Column by Jonathan Nagy
Teacher and Dean of Students
Bishop Carroll Catholic High School, Ebensburg
“The important thing is not to stop questioning. Curiosity has its own reason for existing.” – Albert Einstein
Many of us have taken vacations by car. Sometimes these trips can be long and torturous, especially if your childhood car trips were anything like mine – car packed to the brim and squeezed in the back seat with my two siblings for hours on end. Usually not far into the trip, one of us would ask our parents any one (or more) of the following questions: Are we there yet? How much longer will it be? Can we stop? Why does it take so long?
Why do we ask questions like that? Why do we ask questions at all? Why am I answering questions with questions? Well, we are curious people! We want to know, like to know, and feel the need to want to know absolutely everything! The ancient Greek philosopher, Socrates, even said that learning happens when questions are asked. We ask a ton of questions and are each asked an equal amount of questions.
Some people see asking questions as a bad thing. But why? (see, another question!) When someone questions something, it is normally because they would like to find out an answer. Some of the greatest discoveries of mankind have been accomplished because someone dared to ask a question. It all begins with curiosity, and can lead to amazing results.
I adore my little nephews. They are very inquisitive and smart, and they learn by asking questions. My younger nephew, Griffin, knows everything you would want to know about trucks, equipment, and tools. And he is only 3! My older nephew, Jackson, who just turned 5 (Happy Birthday, Jackson!) is always watching YouTube videos on how to do things and asking questions. This is one of my absolute favorite pictures of Jackson. My brother took this picture last Easter, just prior to Mass. While the conversation mostly consisted of Jackson talking about his Easter basket, he was taking the time to not only ask the priest questions, but also answer his. And the priest took the time, mere moments before Mass began, to speak with my nephew. This image just warms my heart for several reasons. The pure innocence of a little child to carry on a conversation, the willingness of a compassionate priest to take time, even at the most inopportune moment, to speak with a child, and the beauty of doing it in the presence of Jesus, is all very inspiring to me. We all can learn a lot from both Jackson and the priest.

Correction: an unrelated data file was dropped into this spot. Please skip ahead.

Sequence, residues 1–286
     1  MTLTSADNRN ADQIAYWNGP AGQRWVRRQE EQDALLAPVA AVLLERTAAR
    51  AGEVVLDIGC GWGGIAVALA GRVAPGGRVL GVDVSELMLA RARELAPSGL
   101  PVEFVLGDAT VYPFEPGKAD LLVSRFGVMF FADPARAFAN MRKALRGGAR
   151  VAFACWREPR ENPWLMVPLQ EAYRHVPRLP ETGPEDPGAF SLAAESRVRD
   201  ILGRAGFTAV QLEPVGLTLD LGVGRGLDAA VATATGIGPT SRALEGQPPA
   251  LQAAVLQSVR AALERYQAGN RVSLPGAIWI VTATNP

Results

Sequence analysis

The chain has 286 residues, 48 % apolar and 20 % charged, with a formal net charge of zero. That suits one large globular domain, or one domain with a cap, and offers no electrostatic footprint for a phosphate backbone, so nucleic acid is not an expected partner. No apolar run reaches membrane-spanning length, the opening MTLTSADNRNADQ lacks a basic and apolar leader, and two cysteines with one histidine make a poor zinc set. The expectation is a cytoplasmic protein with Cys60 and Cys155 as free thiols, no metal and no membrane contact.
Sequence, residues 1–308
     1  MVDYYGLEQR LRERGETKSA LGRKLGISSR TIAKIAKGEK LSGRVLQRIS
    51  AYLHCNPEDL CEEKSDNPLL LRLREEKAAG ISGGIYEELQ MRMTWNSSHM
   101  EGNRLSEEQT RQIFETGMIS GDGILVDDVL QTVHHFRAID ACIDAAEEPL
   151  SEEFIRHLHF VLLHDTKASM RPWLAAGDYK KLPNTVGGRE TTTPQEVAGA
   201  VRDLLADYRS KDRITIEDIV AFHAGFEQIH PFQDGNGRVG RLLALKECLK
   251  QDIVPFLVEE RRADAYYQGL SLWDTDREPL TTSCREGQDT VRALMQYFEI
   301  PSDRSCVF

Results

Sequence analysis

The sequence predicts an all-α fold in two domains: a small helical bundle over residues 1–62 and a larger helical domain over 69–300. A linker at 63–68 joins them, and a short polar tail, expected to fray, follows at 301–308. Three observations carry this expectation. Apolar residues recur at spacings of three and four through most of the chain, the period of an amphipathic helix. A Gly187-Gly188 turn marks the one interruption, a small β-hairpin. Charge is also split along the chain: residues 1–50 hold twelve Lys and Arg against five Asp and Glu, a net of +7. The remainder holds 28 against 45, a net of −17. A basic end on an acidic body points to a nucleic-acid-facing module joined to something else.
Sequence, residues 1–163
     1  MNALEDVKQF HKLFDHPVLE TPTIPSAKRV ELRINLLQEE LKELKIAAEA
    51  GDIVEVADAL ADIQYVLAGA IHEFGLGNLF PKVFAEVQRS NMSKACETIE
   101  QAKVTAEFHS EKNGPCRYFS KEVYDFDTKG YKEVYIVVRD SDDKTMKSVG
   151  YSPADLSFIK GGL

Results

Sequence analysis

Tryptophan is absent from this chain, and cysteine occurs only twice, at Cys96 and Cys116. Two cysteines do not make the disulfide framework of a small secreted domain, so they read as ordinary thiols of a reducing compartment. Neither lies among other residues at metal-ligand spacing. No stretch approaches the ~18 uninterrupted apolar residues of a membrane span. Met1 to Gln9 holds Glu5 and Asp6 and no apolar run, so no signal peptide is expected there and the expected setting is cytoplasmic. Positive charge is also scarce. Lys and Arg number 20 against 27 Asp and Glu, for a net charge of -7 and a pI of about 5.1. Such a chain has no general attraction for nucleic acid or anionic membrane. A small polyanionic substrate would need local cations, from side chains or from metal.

We should never be afraid to ask questions nor put down someone for asking us questions. Most questions are asked because someone wants to learn or genuinely cares about the person whom they are directing their questions towards.
But we should all learn patience. Not every question has a simple answer. Not everyone will be understanding in answering our questions. Nothing happens when we want it to happen. But that doesn’t mean we should stop questioning and asking. This goes beyond school! One of my favorite, and funniest, quotes comes from Mark Twain when he said, “I never let my schooling get in the way of my education.” Life is an education. Continue questioning and seeking answers and never stop.
When it comes to spiritual questions, let your faith guide you. God answers questions and prayers in three ways: Yes, not yet, and wait, I have a better idea. Keep praying and asking God for guidance. He knows all and loves us and wants to take care of us. And he never tires of being asked questions. He likes to know that we think of Him often and are able to take our concerns to Him. During this season of Lent, I hope that all of you find a way to have more of these deep conversations in prayer with God. Praise Him, honor Him, promote Him, and do not be afraid to ask Him questions. The answers may change your life!